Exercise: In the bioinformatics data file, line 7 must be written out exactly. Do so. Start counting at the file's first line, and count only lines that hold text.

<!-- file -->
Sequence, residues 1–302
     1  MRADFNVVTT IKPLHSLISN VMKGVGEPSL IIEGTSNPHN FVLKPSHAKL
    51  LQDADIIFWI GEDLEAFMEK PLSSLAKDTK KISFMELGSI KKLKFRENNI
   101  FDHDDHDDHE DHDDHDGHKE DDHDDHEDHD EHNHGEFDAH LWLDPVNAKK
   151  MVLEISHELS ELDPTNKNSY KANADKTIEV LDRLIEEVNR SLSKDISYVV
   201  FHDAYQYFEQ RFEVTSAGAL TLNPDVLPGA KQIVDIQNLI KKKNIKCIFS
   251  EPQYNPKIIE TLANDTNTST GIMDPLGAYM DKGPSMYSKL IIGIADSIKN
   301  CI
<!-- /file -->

   251  EPQYNPKIIE TLANDTNTST GIMDPLGAYM DKGPSMYSKL IIGIADSIKN